The most insidious, bitter part of the experience was during my time on the New Hampshire staff. The managing editor I worked for directly seemed to relish cracking down on reporters, putting them down and ripping their work to shreds. And he expected me to do it the same way, exactly as he did it.

To be fair, the guy wasn’t without a soul. He tried to do the right thing most of the time and genuinely cared about the people under him. But he was also consumed with the idea that all the other editors on staff were out to get us and undermine our efforts. Everyone was a back-stabber. Whenever I had the impulse to collaborate with editors from other sections or let some things slide, he came down hard.

More than ever, I was being the editor he wanted me to be and not who I really was. I called reporters at all hours. I put them down. I fought with other editors and hovered over the page designers on deadline.

I also came as close as I had to an emotional breakdown at that point. I started calling in sick A lot. I’d wake up with the urge to throw up. By mid-afternoon, the urge switched to binge eating.

That managing editor eventually moved on and I returned to the night desk. By then, I was burning out, a shell of the man I once was. By the time I left there, everyone on staff was evil in my eyes; the cause of everything that had gone wrong.

I was wrong for the most part. Fortunately for me, most of my co-workers from the period looked past my insanity and today many of them are among my dearest friends.

2004-08: Working a Dream Job But Trapped in the Mental House of Horrors

For the next four years I wrote for, part of the TechTarget company. The job was everything I could have hoped for. Excellent colleagues, a ton of creative freedom and plenty of success came my way.

It also coincided with another emotional meltdown as I started to wake up to the mental illness and the fact that I needed to do something about it.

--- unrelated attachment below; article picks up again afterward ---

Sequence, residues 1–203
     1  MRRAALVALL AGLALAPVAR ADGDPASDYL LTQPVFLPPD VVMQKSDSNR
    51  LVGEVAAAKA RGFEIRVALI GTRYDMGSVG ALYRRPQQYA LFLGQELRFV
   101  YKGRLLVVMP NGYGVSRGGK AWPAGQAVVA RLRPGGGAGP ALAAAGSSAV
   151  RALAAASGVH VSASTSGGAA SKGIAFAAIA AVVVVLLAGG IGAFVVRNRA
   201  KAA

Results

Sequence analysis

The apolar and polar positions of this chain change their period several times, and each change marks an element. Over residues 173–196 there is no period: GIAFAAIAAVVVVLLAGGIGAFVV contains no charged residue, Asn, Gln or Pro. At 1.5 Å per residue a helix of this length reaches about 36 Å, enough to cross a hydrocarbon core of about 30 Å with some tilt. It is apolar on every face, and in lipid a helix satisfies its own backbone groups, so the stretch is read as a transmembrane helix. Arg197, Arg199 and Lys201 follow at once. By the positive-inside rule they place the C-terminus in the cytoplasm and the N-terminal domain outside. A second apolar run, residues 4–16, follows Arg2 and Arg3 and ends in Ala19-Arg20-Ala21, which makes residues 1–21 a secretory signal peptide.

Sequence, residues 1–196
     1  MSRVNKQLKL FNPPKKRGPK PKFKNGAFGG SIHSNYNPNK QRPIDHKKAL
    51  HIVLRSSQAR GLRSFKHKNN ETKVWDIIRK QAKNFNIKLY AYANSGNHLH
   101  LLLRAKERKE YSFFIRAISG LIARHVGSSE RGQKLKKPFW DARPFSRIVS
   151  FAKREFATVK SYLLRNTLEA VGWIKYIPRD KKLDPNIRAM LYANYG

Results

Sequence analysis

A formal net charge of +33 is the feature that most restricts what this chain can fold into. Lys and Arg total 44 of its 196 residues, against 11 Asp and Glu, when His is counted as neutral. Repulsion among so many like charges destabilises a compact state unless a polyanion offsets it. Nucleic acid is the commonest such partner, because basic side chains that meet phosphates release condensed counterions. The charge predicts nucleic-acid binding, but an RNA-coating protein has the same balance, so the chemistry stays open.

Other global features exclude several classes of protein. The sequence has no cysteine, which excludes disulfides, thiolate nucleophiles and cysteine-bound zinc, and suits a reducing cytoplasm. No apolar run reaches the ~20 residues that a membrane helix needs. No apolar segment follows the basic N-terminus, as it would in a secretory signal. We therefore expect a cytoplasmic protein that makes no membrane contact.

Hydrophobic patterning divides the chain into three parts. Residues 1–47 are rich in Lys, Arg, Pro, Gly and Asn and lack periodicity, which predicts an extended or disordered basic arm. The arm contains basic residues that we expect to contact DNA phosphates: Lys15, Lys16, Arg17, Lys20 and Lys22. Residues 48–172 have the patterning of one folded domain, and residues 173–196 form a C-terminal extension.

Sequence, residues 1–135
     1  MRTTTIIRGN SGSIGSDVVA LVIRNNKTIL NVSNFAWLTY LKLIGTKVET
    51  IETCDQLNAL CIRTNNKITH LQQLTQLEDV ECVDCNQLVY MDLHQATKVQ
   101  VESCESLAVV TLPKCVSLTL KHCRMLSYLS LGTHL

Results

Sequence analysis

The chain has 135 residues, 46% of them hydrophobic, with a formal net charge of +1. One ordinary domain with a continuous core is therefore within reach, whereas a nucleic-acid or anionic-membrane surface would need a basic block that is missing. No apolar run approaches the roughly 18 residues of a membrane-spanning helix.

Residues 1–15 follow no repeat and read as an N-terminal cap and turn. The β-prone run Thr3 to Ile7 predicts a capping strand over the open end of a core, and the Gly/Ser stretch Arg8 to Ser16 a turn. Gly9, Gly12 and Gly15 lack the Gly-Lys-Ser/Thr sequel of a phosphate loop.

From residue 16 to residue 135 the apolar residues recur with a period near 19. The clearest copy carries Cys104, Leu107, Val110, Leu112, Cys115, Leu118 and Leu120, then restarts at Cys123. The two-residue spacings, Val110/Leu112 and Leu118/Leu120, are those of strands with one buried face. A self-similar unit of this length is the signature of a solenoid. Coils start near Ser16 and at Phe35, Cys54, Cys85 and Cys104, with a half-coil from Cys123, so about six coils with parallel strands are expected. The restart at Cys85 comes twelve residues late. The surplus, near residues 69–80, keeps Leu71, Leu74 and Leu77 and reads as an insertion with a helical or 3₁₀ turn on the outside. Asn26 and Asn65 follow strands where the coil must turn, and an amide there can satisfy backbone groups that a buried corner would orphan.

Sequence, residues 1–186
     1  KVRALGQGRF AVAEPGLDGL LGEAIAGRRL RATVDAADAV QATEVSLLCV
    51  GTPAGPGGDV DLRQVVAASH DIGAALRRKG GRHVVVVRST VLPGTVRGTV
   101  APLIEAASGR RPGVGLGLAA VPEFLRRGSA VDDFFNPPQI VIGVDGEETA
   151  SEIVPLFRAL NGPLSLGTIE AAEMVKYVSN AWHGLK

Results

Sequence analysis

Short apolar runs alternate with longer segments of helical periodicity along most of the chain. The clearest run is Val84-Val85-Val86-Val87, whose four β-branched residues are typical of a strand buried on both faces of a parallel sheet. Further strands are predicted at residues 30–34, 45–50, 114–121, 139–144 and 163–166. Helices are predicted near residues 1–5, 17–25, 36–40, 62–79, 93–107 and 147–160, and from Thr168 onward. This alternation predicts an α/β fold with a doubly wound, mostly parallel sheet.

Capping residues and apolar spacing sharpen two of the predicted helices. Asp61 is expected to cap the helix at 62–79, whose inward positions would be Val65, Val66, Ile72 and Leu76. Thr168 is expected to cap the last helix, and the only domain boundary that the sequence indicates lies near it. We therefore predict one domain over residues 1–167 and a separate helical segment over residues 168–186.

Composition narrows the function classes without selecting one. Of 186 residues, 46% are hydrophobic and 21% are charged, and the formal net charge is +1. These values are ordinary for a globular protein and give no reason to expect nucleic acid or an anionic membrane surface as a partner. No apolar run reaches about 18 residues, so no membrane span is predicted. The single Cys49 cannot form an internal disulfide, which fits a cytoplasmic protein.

I think I hid it from my colleagues pretty well, except for my direct editor, Ann Saita, who became something of a mom to me, a nurturing soul I could spill my guts to. I’m pretty sure God put her in the right place at the right time, knowing my time of reckoning was at hand. During this period, I untangled all the mental wiring, started taking Prozac (See “The Bad pill Kept Me from The Good Pill“), officially became a devout Catholic (more on that later) and finally started to feel whole.

2008-Present: Senior editor, CSO Magazine

My current job is truly the best I’ve had. I get to work with people like Derek Slater, Joan Goodchild and Jim Malone, who was my editor-in-chief during my first reporting jobs at CNC and one of the folks I went out of my mind trying to please. A side note that amuses me greatly: Peter Sugarman used to drive him nuts, too.

The most noteworthy thing about the last year and a half is that a personal focus has been to get a handle on the eating. In 2008 I discovered OA and started to regain the upper hand. I quit flour and sugar and started putting all my food on a little scale. My mind cleared.

Here’s the best part about my present situation: From Day 1 at CSO, I have not once worried about being a people pleaser. I’ve just focused on the projects I believed in and my bosses have been content to let me have at it.

I don’t work much more than 40 hours a week, and the funny thing is that I’m more prolific now than I ever was before.

Business travel I used to dread has become a joy. Speaking in front of people has gone from something to fear to something to do more of.

And to think that all I had to do was get out of my own way.


49 thoughts on “The Crazy-Ass Guy in the Newsroom

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  46. You always made me laugh at work, and lord knows I needed it. I’m sad to hear you were struggling with so much, but glad our paths crossed when they did. It was, without a doubt, the strangest time in my life then too. Your blog is so deeply personal, smart, and inspiring. Thanks Bill.

  47. i had no idea, bill. having dealt with my own depression over the years, i know it’s not always easy to talk about it. thanks for your writing.